Rapping genomes for the people

The tough thing about getting people excited and interested in genetics is that most people don’t know what a genome is. I’m dead serious. I come across these non-genome-knowers all of the time. I recently had a conversation with someone I just met: obviously intelligent, well-read and presumably a genome-knower. This person had heard the term “genome” before, but he just couldn’t define it. He had a vague inclination that a genome has something to do with DNA. But he did not specifically know that a genome is a copy of his genetic material and is present in each of his trillions of cells. Wow!  Read more

Autism exomes arrive

Rational pharmacological treatment of autism spectrum disorders can only occur when the genes and the molecular pathways disrupted in this disease are well-understood. Today, three papers in Nature by Matthew State and colleagues, Evan Eichler and colleagues and Mark Daly and colleagues report the largest exome sequencing efforts in autism to date, involving nearly 600 trios and 935 further cases with the disease. Altogether, the papers provide strong evidence for three new autism genes (CHD8, KATNAL2 and SCN2A) and support the idea that autism is an extremely heterogeneous disease, meaning that many genes can confer high-risk for the disease. Previously, scientists estimated that the number of high-risk autism genes was ~200. However, the new data suggests that there are likely ~1000 high-risk autism genes, which can and should be identified with further sequencing.    … Read more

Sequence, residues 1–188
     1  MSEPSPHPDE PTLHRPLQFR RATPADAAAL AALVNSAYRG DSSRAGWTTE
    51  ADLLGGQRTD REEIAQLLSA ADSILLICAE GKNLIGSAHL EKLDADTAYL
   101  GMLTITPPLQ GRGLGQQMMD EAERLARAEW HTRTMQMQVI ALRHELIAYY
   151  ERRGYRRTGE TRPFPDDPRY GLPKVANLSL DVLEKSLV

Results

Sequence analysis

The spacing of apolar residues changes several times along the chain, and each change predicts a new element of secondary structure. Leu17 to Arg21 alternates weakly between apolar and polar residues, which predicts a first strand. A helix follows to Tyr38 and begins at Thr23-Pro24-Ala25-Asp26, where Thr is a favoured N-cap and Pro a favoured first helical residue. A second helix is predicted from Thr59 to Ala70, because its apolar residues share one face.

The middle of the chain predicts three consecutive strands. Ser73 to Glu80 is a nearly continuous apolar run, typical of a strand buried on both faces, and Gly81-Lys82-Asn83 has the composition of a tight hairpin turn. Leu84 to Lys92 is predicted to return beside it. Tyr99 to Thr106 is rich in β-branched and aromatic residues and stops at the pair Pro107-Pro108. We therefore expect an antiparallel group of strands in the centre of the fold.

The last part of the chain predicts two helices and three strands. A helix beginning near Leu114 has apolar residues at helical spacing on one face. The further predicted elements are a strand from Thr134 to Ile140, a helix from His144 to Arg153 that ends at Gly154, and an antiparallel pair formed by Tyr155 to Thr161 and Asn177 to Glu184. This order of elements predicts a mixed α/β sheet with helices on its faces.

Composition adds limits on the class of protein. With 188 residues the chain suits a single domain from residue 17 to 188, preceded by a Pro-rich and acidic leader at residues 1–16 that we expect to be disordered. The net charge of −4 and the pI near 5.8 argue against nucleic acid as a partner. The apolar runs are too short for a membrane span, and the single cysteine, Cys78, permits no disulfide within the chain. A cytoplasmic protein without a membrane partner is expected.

One for the tribe

Like most scientists out there, I’ve dreamt about having lab equipment in my kitchen. Wouldn’t it be so efficient to make pancake batter in a 500 mL conical, slap a piece of ParaFilm on top, invert a few times and pour directly into a frying pan? Or better yet, what if I could use a hot plate and a magnetic stirrer every time I made risotto? In her recently released movie, Losing Control, Harvard Biophysics PhD-turned-filmmaker Valerie Weiss brings a story embedded in science to the silver screen, complete with a scene in a home kitchen-turned-lab.  Read more

Melanoma sequencing identifies new druggable targets

Next-generation sequencing technologies are enabling unbiased searches for new cancer genes at an unprecedented scale. In 2011, a flurry of cancer exome and whole-genome papers have been published in high-impact journals, with more in the pipeline. The first genes to be targeted for personalized treatment will be ones harboring recurrent mutations at a high frequency and those with already known inhibitors/modulators. The delivery of personalized therapies in cancer will no longer be bottlenecked by a lack of targets; the development of effective therapies will require new insights into how cancers become resistant to drugs and hopefully, therapeutic interventions that bypass acquired resistance.  Read more

Chimpanzees are selfish, but children are kind

I pose an age-old question: what is it that makes us human? I think it depends who you ask. Ask a cognitive neuroscientist and they may say it’s our theory of mind, which is a fancy way of saying humans have empathy. Ask an evolutionary biologist and they will likely point out all the morphological traits that distinguish us from other primates, such as the large size of our cranial vaults or our opposable thumbs. Ask a psychologist and they may cite our conscience or our ability to use symbolism. But no matter who you ask, most would likely agree that our capacity for sharing resources and the social rules that regulate sharing are specific to human culture.  Read more